1st May, 2003
Big trip home for Aussie Model Ts
FOUR Queensland couples are about to take on the trip of a lifetime.
will drive their Model T Fords right
across America back to where the cars originally came from Detroit, Michigan and
Representing Australia for the Ford 100th anniversary
celebrations, the group have shipped their cars to California where they will start their
5,000 km journey. They will join some 40 other Model Ts in Lancaster near Los Angeles on
May 25 and travel through eight US States arriving in Detroit, Michigan on June 12.
Weve been told to
expect every type of weather from heat waves to below zero temperatures, driving rain,
sleet and even snow! said team leader Gavin Pocock, from Caboolture, who is
president of the Brisbane Vintage Car Club.
We will go across deserts and
the Rocky Mountains as well as the flat farming lands of the Mid-West. Some days we will
be doing runs of more than 320km.
Gavin and his wife Karen are quite
sure the cars will make it but car heaters werent an option in the Model T so
we hope the people make it! he said. Gavin and Karen are pictured above with the
1915 Runabout that was restored by Gavins parents Warren and Maurine in 1975.
The other three cars from Australia
are a 1924 Roadster owned by George and Chris Schoenauer from Narangba, a 1925 Roadster
belonging to Merv and Margaret Kroll of Redcliffe (both these couples are also members of
the Brisbane Vintage Auto Club) and the 1926 Doctors Coupe of Bob Collett and Trish
Hanlon from the Gold Coast. Bob and Trish belong to the Veteran Car Club and the Gold
Coast Car Club.
We started preparing for the
trip 18 months ago, said Gavin. Its a lot to ask of cars that are well
over 75 years old but, after all, they are Model Ts so we are pretty sure they will do the
job. One of the only modifications fitted to each car is a Ruckstell 2-speed rear axle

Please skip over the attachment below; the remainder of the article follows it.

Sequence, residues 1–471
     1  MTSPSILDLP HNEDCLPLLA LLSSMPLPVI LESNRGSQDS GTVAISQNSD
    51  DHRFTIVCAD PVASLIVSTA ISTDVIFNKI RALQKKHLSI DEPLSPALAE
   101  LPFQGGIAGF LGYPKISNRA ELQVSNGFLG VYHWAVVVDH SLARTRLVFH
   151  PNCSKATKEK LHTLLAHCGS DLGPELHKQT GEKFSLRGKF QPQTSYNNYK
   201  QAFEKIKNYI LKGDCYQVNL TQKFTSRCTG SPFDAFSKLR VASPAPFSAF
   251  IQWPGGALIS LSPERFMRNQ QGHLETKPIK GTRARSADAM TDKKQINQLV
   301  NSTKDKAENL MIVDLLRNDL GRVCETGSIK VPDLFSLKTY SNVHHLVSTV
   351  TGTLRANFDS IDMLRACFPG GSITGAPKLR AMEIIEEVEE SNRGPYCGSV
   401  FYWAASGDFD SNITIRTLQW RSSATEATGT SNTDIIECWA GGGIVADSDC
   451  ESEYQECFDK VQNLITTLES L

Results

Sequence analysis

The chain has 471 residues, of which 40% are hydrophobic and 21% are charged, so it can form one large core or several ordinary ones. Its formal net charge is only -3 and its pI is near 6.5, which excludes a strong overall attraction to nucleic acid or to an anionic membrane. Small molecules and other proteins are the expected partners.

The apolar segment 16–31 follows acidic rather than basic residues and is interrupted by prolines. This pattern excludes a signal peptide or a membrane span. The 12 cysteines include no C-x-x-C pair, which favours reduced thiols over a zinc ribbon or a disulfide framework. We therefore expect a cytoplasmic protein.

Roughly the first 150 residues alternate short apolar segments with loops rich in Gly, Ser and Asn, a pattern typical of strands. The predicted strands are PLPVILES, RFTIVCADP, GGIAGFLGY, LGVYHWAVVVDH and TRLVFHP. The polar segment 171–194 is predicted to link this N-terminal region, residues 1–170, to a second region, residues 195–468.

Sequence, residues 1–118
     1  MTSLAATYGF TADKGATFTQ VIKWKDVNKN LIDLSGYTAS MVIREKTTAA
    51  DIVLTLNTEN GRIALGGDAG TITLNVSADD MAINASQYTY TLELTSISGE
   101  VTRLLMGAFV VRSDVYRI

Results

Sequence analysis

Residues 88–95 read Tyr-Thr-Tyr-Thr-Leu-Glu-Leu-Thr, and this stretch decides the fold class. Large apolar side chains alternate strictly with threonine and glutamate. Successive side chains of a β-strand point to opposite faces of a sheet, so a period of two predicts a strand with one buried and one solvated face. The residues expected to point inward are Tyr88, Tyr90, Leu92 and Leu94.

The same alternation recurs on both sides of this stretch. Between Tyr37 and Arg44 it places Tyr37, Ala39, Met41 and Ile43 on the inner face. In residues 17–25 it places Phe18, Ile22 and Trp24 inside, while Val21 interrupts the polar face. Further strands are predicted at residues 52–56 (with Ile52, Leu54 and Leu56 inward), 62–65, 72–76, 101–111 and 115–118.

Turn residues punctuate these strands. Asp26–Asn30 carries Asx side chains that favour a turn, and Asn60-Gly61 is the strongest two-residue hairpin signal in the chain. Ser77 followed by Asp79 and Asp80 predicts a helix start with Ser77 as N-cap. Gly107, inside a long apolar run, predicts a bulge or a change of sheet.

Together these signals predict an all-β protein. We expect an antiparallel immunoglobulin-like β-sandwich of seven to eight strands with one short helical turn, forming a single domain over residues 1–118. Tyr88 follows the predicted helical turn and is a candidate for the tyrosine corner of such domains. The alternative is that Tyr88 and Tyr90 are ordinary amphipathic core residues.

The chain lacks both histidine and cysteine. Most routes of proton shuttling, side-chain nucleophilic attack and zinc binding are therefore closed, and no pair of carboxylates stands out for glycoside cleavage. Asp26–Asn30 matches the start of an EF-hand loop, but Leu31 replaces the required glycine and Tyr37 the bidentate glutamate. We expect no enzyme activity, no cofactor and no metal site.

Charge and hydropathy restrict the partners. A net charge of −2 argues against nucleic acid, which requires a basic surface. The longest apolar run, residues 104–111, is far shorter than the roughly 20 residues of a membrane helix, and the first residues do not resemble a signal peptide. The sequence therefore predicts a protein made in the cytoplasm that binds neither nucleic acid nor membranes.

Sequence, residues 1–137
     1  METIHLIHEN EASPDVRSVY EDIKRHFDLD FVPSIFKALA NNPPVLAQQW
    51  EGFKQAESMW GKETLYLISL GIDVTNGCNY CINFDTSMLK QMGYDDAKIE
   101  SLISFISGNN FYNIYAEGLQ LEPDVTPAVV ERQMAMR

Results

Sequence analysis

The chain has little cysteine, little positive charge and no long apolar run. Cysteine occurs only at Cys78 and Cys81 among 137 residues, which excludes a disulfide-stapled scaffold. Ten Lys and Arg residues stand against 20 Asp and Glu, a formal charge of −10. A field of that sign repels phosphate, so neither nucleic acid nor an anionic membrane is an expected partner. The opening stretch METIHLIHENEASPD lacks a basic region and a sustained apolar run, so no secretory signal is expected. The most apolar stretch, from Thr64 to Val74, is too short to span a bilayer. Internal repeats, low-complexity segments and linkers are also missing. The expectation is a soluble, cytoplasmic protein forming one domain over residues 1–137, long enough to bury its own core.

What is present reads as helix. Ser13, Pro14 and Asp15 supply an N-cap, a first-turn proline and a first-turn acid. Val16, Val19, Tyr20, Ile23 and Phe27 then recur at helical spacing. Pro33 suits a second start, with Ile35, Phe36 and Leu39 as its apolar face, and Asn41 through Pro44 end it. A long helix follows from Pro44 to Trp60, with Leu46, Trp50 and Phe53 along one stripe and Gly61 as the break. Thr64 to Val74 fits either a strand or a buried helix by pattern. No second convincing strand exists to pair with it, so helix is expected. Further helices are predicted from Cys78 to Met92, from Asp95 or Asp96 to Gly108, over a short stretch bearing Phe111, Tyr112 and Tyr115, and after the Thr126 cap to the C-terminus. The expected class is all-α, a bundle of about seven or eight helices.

that was an aftermarket option when the cars were new.
The worlds largest automotive
homecoming rally is expected to attract more than 10,000 Ford vehicles to Detroit for the
massive centennial celebrations. The Californian-based tour will meet up with several
other tours coming from all states of America prior to arriving at Detroit.
Following the four-day celebrations
in Detroit, the four Aussie Model Ts will visit the famous Greenfield Village for a
display before they cross the border that afternoon into Canada where they will return to
Oakville near Windsor, Ontario the town where they were all originally made before
being shipped to Australia.
Then, as if driving more than 4,000
km across the USA wasnt enough, the intrepid Australians will drive south to
Baltimore a further 1,000km where the cars will be shipped back home.
The ubiquitous Model T
The Model T was simplicity itself.
It was designed that way so that local farmers and blacksmiths could repair it with basic
tools. It was often said that all you needed was a pair of pliers, a hammer and a coil of
wire to keep a Model T on the road. With its narrow wheels, high ground clearance and